• I agree with what you say Mmaya and Rowens does need to relax and let it go. Encouragement to keep going can only be a good thing to all of us and I hoped that that was exactly what I was doing when I made my post so I'm sorry if it came across wrong in the wrong way.

    I'm also sorry about the bad news you received last night and hope everything will be okay but what you said about reaching out for a cigarette just shows what a hold smoking has over us.

    I also agree that we smokers have a dependency to cigarettes and will also need a certain level of self control not to fall into the trap again because I did exactly that, hence the reason I'm back on here again. Believe me I'm neither proud of my demise or complacent about staying smoke free in the future but that's what I'm aiming to do.

    Rowens I think Karri has just summed it up perfectly when she says "This doesn't have to be a battle for the rest of your life. Eventually not smoking will be as natural as any other habit you no longer do".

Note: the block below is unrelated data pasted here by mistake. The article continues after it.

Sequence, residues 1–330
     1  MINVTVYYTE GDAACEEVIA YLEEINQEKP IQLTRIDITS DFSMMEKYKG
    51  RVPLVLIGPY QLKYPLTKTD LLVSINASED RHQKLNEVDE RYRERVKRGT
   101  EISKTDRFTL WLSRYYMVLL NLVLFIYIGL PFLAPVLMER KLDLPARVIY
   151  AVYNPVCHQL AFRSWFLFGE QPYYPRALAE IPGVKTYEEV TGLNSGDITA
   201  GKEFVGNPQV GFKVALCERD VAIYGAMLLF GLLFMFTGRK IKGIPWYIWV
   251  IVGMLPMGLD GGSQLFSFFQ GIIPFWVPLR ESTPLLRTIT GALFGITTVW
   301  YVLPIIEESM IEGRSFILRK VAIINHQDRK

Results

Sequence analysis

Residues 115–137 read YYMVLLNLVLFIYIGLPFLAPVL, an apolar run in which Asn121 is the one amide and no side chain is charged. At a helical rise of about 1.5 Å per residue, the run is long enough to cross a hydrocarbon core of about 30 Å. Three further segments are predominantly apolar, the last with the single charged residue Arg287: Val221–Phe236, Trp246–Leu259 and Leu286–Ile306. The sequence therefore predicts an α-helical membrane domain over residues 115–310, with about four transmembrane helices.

• Stop beating yourself will ya?! Your post is not harsh, it is the truth and we all know it :)

  • Hey EvieB, I didn't think your initial post was harsh at all and was good advice, I am relaxed but just taken back by how this addiction really takes hold of you....

  • That is definitely what I am waiting for. That date when I realise I have forgotten all about the cigarettes and the nicotine, this forum... The all lot. Just be normal again.

    Just live, wait and hope.

  • Rowens ... you are such a hard worker and by that I mean in your quit....There is so many stages that we go through during this journey and that is why I have found it to be amazing...Although a better word might be "Crazyfication" and that is a direct translation.....There definitely is a "Arguing stage'' at 2-3 months where you start to argue with yourself and think that only one cigarette won't do any damage.

    We all know that even that one puff will bring us back to square one...Continue on the straight road an remember NOPE...!

  • Hey all,